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Add "arrows" option to "func-name" rule, just like existing "generators" option #11470

getify opened this Issue Mar 3, 2019 · 3 comments


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getify commented Mar 3, 2019

What rule do you want to change?


Does this change cause the rule to produce more or fewer warnings?

More warnings/errors, but only opt-in (default would be no additional reports).

How will the change be implemented? (New option, new default behavior, etc.)?

New option, similar to "generators", but called "arrows"... with effectively with only one mode: "as-needed" ("always" and "never" do not make sense for arrow functions).

Essentially, the "as-needed" behavior of the "generators" option would be applied to arrow functions as well. IOW, if this "arrows" option is set, flag any arrow function which is NOT going to receive a name inference (such as callbacks, etc).

Just like for "generators", if "arrows" is not provided, fall back to base (so no change to current rule behavior).

To clarify my WHY here, it is my opinion that the anonymity of arrow functions is their worst characteristic, while acknowledging they have some pros. As a compromise, I'd like to be able to allow only arrow functions that will get a name inferred, while disallowing any that can't get any name inference.

Please provide some example code that this change will affect:
What does the rule currently do for this code?
What will the rule do after it's changed?

/*eslint func-names: ["error", { "arrow": "as-needed" }]*/

// OR

/*eslint func-names: ["error", "arrow"]*/

var o = { g: x => x * 2 };   // NO CHANGE: no error (b/c "as-needed")

var p = x => x * 2;     // NO CHANGE: no error (b/c "as-needed") => x * 2);     // CHANGE: error (can't infer a name)

var list = [x => x * 2];   // CHANGE: error (can't infer a name)

Are you willing to submit a pull request to implement this change?



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not-an-aardvark commented Mar 3, 2019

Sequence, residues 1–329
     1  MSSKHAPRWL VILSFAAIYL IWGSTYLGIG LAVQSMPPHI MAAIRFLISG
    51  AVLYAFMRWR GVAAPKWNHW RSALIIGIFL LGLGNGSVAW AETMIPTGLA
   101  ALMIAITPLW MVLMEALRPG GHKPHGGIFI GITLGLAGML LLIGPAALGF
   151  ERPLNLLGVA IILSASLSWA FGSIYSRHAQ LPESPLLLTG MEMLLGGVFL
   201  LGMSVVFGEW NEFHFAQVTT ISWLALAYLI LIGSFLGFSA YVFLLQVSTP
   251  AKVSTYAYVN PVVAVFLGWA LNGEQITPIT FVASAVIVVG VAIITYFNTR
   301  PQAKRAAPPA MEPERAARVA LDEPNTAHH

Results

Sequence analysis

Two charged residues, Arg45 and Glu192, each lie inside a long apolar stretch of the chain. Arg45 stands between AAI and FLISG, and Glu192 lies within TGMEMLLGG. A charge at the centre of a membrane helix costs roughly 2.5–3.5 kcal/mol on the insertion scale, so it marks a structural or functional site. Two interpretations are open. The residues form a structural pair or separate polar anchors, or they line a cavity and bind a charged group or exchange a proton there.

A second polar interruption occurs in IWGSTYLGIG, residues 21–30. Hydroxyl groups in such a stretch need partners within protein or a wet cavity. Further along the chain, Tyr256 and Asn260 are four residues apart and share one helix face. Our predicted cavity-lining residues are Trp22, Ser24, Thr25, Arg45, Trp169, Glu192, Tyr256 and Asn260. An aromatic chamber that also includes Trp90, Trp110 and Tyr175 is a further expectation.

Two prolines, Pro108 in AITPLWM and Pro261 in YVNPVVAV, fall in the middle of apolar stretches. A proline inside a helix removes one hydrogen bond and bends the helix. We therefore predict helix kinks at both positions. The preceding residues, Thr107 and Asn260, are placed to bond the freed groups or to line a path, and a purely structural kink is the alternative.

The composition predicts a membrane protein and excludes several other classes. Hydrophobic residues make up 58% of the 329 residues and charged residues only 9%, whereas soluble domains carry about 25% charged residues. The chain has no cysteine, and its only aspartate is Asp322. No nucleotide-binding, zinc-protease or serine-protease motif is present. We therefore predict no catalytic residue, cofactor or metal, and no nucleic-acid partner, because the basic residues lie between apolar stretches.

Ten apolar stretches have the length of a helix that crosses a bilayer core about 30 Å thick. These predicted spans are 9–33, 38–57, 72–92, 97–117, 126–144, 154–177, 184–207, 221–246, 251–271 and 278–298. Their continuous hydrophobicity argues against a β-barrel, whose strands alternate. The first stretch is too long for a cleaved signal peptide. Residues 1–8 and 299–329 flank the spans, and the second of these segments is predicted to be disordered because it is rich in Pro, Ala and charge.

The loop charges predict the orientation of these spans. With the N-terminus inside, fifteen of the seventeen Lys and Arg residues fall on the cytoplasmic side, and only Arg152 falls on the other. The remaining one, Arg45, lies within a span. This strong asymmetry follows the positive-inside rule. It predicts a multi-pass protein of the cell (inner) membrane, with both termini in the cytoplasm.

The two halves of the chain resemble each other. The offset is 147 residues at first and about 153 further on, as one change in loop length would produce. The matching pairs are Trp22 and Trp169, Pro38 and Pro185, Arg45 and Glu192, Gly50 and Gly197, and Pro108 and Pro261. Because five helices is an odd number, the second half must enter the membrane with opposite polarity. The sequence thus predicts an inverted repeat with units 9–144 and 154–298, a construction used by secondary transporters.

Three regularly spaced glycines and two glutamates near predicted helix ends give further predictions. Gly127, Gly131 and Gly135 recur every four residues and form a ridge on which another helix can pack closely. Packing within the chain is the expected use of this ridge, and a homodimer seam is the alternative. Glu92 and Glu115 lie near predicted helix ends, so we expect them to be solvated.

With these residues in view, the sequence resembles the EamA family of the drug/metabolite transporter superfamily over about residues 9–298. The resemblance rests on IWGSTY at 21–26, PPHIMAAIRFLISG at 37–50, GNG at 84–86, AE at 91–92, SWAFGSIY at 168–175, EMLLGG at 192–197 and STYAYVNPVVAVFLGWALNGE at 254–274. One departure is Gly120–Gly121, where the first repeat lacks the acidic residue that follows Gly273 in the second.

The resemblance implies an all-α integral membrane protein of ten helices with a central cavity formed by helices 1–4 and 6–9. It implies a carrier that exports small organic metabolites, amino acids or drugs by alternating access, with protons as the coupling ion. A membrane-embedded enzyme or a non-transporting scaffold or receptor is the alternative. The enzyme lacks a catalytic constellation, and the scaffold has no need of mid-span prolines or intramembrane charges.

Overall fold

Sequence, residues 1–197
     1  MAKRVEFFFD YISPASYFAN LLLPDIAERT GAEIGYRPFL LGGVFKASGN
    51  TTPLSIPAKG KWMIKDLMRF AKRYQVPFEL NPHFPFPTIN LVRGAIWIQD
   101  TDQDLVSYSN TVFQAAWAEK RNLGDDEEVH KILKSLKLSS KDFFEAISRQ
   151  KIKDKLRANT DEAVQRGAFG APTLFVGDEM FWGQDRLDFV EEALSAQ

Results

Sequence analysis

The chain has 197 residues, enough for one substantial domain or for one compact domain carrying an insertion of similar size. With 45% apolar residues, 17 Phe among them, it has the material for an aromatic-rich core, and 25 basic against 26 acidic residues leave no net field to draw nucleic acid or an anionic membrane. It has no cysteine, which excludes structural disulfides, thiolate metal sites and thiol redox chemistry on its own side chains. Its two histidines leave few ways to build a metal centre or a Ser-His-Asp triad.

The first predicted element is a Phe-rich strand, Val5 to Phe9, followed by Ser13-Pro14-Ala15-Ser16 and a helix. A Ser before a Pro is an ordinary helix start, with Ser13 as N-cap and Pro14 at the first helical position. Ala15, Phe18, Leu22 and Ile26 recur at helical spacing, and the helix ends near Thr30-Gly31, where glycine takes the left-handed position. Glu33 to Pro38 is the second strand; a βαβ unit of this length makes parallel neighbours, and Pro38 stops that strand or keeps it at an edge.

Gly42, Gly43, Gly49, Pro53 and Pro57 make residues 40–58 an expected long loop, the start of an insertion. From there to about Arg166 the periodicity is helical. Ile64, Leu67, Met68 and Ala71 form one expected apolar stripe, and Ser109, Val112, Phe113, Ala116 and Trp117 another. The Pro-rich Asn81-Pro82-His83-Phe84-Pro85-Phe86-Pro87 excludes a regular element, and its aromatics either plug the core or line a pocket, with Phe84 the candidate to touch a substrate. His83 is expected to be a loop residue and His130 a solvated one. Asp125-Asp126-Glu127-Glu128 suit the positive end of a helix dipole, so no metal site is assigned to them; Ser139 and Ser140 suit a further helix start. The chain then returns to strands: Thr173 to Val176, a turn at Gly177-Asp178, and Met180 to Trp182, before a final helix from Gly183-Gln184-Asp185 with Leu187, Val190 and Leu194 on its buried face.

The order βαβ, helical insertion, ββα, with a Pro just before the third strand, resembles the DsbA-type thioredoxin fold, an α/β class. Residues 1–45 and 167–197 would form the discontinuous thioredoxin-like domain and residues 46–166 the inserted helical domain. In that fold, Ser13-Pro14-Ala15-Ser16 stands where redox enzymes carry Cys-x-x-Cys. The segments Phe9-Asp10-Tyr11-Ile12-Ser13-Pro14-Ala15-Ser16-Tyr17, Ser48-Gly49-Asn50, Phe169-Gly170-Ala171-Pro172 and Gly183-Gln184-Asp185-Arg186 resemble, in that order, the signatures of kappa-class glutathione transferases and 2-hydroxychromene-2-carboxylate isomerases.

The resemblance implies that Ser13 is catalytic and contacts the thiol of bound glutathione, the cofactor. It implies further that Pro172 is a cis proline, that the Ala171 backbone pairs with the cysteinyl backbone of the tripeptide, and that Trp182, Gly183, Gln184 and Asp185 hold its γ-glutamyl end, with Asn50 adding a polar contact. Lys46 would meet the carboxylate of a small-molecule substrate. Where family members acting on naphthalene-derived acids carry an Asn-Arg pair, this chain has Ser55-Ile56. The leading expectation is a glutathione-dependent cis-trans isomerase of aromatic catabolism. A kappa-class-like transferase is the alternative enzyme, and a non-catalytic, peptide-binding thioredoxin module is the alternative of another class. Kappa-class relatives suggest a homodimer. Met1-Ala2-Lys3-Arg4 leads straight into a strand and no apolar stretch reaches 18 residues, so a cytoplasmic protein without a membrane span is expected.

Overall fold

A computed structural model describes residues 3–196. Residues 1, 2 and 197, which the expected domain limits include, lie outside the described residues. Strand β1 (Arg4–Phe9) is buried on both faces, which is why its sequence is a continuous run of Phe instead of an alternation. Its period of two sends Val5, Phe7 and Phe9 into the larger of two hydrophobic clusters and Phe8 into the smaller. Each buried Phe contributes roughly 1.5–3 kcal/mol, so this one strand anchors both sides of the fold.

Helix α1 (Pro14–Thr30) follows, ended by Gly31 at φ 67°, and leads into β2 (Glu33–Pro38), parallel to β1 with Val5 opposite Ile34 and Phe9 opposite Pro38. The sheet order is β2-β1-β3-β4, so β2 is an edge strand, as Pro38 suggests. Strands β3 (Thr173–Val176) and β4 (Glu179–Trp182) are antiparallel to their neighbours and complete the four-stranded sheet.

Hi, thanks for the proposal.

Personally, I think requiring names for un-inferrable arrow functions could be sort of annoying in practice when writing code like this:

const foo = bar
    .map(item => item.baz())
    .filter(item => item.quux());

In this case it seems like there isn't really a good name for the individual functions aside from, say, callBaz, which seems like it wouldn't add a lot of documentation or stacktrace value.

I'm not opposed to adding this option is there are other team members in favor of it -- I'm just mentioning why I don't think I would personally use it.

@not-an-aardvark not-an-aardvark added evaluating and removed triage labels Mar 3, 2019


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getify commented Mar 4, 2019

I understand that most people are quite happy with all things arrow function, and that my contrarian view on them is non-mainstream, and that's why it seems like a niche sort of rule (though frankly IMO there's several more niche rules than this proposal).

I initially planned to just make my own plugin/rule for this, based off "func-names". But as I worked on it I realized it would be so close to the existing rule that it seems a shame to duplicate forked work instead of merge it in.

Obviously things look a little stranger or contrived with foo/bar/baz types of examples. Here's a more concrete sort of usage I am envisioning:

ids = =>;

// vs

const getId = person =>;
ids =;

I genuinely think the second one reads cleaner, and also fits with a typical FP style where you define a variety of functions (generally through compositions or other higher-order transformations) with good clean semantic names, and then use them.

Anecdotally, whenever I complain (on twitter) about arrow funcs (as callbacks) being anonymous, I get a barrage of responses of people saying they "fix" that by doing exactly what I showed: defining a named const expression. This rule just sorta codifies what seems to be not that uncommon (again, anecdotally).


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getify commented Mar 10, 2019

BTW, I would just like to posit that the inclusion of the "prefer-arrow-callback" rule in core is evidence of endorsing/allowing a strong opinion in favor of arrow functions (such that you literally aren't allowed to skip the opportunity to use one!), so I think it would be fair for core to consider supporting an equally opinionated rule (option) to the contrary perspective.

It's undeniable that the "pro" camp for arrow functions is strong and widespread, but I get plenty of "me too!" messages of support on twitter whenever I voice my dissent, too.

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